Volunteer keeps the books for numerous community groups

Barbara Hootman

Yolanda Smith moved to Black Mountain in 1995 and began volunteer work in the community almost immediately.

“I moved from the New York City area and didn’t have the time to volunteer like I do now,” she said. “I became disabled and moved to the mountains and had time to do volunteer work.”

Smith has been the treasurer for the Swannanoa Valley Museum for the past 15 years.

“Yolanda volunteers countless hours with the Swannanoa Valley Museum every year,” director Anne Chesky Smith said. “Besides serving as treasurer, last year she covered more docent shifts, allowing us to remain open to the public for more hours. She volunteers more than anyone else on our roster. She’s extremely dedicated. Also, every August at the end of our fiscal year, she holds an enormous rummage sale of items collected throughout the year, which helps us to always remain operating in the black.”

Organizing and coordinating the annual museum rummage sale is something Smith has done for 10 years.

“It takes a lot of work, but I enjoy it and have a lot of fun during the sale. I also donate the storage space for all the things we collect throughout the year for the rummage sale. I also kept the books for the capital campaign for the Swannanoa Valley Museum, which required a set of books all its own.”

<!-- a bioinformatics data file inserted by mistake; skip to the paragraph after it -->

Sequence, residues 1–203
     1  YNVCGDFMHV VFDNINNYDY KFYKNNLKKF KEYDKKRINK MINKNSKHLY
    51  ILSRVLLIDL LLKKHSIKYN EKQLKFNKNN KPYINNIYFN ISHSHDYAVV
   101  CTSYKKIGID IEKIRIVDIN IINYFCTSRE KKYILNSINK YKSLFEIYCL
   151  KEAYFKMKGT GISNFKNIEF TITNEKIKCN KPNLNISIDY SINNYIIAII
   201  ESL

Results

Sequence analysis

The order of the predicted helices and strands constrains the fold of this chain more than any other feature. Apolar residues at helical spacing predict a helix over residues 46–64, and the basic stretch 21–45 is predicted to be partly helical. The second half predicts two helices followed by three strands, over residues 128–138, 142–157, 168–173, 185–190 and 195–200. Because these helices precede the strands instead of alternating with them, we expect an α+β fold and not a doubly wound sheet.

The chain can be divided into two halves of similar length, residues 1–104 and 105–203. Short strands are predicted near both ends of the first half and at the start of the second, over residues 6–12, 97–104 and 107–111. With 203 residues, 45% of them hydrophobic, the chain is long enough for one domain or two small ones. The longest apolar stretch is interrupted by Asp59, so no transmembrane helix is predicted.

The language of numbers and to do something meaningful to help others motivates Smith to volunteer with local organizations.

“I love numbers and working with them,” Smith, who works seasonally for H&R Block, said. “Even when I was in New York I used to help people with their taxes. Since living in Black Mountain I found that my love of numbers and bookkeeping was needed by several different organizations. I have been the treasurer for the PEO (Philanthropic Educational Organization) that sends women back to school, and the district treasurer for the Black Mountain Woman’s Club. Being the district treasurer meant keeping books for five different women’s clubs.

“I have also been the treasurer and president for the Church Women United and kept the books for the Town Square project. I have served as a member of the board of directors for the Swannanoa Valley Dr. Martin Luther King Jr. Memorial Corporation. When I served with the group that helped start the Black Mountain Beautification Committee, I felt that we were doing something that really mattered to the town.”

Smith said she donates an average of 32 hours a week of work for organizations in the Valley. She spends more than two hours weekly at the front desk at the Black Mountain Chamber of Commerce serving as a volunteer receptionist. She also helps with the town’s Christmas Parade and Sourwood Festival.

“The personal reward that I get from volunteering my time is that I feel like I make a difference and at least help the community,” she said. “Volunteering makes me feel that I have a real purpose living here.”

Smith said that although she retired because of a disability, her health has improved. She believes that volunteering is responsible for that.

“When you volunteer your services, it takes your mind off yourself and what is bothering you,” she said. “Sometimes I say that I had to get a job so that I could rest from volunteering.”